G protein-coupled receptor kinase function is essential for chemosensation in C. elegans.
G protein-coupled receptors (GPCRs) mediate diverse signaling processes, including olfaction. G protein-coupled receptor kinases (GRKs) are important regulators of G protein signal transduction that specifically phosphorylate activated GPCRs to terminate signaling. Despite previously described roles for GRKs in GPCR signal downregulation, animals lacking C. elegans G protein-coupled receptor kinase-2 (Ce-grk-2) function are not hypersensitive to odorants. Instead, decreased Ce-grk-2 function in adult sensory neurons profoundly disrupts chemosensation, based on both behavioral analysis and Ca(2+) imaging. Although mammalian arrestin proteins cooperate with GRKs in receptor desensitization, loss of C. elegans arrestin-1 (arr-1) does not disrupt chemosensation. Either overexpression of the C. elegans Galpha subunit odr-3 or loss of eat-16, which encodes a regulator of G protein signaling (RGS) protein, restores chemosensation in Ce-grk-2 mutants. These results demonstrate that loss of GRK function can lead to reduced GPCR signal transduction and suggest an important role for RGS proteins in the regulation of chemosensation.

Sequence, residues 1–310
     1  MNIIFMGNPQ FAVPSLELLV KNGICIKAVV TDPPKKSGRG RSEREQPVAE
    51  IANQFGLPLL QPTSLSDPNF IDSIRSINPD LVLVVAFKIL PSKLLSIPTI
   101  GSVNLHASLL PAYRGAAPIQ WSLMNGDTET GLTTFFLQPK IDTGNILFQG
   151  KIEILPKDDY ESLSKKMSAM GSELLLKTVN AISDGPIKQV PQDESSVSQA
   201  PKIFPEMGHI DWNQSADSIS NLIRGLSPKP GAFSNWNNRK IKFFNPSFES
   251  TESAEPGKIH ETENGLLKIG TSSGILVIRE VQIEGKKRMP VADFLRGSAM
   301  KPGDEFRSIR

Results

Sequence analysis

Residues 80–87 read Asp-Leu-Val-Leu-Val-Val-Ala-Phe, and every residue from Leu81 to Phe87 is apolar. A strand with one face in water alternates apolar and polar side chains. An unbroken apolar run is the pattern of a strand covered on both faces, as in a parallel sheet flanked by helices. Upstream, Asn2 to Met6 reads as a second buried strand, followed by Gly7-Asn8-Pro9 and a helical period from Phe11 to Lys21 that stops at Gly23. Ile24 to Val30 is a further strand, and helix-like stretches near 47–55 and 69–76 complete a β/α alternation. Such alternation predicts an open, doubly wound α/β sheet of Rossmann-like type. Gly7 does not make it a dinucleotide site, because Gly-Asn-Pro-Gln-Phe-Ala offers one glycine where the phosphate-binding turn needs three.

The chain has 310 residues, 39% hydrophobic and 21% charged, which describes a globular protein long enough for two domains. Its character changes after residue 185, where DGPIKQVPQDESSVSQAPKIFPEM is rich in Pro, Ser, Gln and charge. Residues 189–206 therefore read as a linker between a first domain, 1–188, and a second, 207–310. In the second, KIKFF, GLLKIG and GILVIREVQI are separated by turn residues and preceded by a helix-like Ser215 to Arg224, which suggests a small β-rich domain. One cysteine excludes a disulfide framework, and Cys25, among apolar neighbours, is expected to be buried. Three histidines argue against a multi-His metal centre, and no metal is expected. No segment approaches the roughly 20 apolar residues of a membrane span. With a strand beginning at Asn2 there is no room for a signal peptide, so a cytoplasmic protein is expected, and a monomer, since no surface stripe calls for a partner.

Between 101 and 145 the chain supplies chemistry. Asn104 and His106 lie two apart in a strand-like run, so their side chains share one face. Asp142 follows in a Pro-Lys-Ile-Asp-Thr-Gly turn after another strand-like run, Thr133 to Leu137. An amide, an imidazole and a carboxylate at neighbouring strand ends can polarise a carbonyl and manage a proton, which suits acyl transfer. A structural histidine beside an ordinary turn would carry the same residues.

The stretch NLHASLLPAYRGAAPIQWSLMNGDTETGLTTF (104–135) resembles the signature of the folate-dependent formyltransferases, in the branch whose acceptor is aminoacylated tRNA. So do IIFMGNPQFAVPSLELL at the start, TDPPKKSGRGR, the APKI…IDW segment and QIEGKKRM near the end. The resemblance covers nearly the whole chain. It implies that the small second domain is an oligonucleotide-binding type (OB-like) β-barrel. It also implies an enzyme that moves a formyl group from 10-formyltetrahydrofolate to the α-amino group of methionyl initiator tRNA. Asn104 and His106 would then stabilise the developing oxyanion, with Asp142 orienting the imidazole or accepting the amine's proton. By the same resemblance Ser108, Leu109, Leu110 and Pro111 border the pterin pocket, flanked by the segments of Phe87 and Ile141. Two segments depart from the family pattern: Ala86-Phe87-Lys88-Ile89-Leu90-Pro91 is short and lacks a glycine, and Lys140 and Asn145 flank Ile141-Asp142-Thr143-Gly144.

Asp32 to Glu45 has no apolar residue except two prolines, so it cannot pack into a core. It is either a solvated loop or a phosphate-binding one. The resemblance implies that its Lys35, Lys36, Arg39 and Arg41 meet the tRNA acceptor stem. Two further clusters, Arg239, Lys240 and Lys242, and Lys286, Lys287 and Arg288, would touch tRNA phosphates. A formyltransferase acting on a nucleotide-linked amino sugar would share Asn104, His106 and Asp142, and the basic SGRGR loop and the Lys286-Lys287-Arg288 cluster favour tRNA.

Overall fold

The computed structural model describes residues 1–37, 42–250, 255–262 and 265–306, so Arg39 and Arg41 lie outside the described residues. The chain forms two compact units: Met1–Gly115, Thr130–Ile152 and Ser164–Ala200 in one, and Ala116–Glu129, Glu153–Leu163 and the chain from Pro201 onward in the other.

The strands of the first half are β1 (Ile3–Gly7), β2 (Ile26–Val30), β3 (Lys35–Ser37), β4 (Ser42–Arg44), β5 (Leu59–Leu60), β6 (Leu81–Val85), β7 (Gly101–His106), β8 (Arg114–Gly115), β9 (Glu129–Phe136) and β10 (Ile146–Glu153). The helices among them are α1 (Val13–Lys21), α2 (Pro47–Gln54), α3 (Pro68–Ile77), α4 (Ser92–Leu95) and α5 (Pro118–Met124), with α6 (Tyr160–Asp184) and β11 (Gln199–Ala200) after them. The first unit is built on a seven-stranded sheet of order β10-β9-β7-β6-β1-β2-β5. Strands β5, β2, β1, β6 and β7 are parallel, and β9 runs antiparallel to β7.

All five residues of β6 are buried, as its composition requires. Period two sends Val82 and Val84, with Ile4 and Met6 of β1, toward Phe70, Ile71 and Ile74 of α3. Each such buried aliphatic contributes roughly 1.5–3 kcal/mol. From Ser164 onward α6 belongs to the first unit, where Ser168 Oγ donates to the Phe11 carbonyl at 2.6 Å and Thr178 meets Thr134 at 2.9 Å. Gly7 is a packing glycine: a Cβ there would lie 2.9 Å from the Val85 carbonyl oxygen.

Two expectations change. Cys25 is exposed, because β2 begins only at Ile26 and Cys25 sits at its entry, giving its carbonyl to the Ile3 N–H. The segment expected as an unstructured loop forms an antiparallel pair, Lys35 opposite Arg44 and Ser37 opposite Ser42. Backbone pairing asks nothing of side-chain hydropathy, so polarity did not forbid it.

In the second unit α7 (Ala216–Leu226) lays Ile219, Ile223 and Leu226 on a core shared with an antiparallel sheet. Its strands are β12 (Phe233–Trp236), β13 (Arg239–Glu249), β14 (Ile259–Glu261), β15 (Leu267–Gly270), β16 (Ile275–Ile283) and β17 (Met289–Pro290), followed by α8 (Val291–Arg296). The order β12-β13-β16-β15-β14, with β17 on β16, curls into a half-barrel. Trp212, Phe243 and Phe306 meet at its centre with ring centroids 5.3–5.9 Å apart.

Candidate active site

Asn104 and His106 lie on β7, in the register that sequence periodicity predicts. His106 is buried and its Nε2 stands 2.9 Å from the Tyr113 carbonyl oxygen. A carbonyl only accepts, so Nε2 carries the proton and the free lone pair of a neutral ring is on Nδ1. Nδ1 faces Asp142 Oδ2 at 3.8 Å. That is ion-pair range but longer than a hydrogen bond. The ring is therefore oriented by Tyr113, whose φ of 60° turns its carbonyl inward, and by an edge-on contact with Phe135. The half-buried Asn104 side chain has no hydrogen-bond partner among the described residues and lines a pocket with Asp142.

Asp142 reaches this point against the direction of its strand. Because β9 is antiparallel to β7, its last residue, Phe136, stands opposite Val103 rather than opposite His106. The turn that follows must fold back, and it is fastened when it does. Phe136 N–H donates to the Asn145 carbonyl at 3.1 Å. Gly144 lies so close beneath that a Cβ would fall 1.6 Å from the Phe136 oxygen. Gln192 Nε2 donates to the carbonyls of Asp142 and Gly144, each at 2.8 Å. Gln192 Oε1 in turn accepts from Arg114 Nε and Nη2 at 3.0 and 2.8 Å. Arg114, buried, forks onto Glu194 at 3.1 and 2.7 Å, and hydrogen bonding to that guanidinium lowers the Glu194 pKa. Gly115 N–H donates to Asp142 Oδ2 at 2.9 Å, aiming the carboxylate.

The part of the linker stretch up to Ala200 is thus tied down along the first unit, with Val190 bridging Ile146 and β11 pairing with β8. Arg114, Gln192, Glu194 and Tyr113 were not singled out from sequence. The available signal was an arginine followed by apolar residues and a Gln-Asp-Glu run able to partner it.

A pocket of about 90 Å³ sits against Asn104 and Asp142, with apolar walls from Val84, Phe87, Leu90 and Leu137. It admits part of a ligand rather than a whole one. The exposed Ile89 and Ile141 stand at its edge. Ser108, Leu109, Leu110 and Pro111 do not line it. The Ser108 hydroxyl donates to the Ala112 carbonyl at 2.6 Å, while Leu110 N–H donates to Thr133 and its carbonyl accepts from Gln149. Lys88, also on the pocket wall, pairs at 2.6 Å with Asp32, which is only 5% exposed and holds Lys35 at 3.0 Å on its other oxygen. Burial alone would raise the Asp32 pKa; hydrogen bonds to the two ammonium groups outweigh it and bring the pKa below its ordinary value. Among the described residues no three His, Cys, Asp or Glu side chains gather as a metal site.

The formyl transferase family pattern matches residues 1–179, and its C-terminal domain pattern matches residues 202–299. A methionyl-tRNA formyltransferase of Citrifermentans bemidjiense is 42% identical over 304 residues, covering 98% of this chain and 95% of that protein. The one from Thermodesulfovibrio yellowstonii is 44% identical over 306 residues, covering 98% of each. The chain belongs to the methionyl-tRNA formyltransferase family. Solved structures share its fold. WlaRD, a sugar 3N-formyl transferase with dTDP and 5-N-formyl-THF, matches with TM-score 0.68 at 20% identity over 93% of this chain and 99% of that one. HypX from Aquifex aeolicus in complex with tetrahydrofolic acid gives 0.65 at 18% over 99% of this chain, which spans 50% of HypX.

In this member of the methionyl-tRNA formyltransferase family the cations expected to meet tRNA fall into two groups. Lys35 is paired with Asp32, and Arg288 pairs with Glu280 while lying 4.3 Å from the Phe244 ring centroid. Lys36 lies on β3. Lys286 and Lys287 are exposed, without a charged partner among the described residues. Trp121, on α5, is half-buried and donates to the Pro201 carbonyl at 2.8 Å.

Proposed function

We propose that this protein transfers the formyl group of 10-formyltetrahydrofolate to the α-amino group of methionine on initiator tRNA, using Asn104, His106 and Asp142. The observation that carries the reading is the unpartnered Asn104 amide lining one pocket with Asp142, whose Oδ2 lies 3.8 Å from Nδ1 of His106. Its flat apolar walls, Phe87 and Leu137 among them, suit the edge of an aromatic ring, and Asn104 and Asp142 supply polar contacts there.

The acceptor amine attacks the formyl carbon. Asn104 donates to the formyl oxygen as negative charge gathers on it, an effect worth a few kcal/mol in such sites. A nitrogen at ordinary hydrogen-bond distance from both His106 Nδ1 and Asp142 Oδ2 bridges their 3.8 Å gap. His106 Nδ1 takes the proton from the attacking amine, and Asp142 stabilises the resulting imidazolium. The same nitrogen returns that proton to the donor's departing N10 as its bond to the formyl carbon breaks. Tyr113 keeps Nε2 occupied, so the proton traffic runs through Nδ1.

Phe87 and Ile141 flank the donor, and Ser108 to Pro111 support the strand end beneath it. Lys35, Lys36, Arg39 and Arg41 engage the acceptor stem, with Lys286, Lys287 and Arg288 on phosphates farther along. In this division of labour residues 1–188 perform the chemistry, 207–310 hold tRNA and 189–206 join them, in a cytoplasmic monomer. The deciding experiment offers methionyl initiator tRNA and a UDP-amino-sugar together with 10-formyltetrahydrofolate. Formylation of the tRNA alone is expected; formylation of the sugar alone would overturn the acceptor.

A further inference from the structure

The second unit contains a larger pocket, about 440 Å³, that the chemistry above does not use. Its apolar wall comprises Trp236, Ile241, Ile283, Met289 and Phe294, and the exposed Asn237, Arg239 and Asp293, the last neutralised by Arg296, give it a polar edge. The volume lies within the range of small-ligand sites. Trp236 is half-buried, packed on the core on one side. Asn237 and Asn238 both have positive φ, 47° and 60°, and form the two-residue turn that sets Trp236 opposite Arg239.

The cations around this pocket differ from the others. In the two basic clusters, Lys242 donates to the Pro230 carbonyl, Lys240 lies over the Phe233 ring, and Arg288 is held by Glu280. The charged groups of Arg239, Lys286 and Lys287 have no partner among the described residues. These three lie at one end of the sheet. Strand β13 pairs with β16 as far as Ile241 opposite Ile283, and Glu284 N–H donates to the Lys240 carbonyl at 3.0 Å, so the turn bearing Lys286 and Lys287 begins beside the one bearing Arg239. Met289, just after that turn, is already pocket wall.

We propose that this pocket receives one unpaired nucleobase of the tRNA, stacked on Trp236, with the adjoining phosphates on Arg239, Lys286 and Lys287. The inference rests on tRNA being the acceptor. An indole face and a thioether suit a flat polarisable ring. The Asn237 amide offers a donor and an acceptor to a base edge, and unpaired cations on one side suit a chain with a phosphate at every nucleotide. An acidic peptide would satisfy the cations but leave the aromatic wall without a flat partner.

Fukuto, HS; Ferkey, DM; Apicella, AJ; Lans, H; Sharmeen, T; Chen, W; Lefkowitz, RJ; Jansen, G; Schafer, WR; Hart, AC
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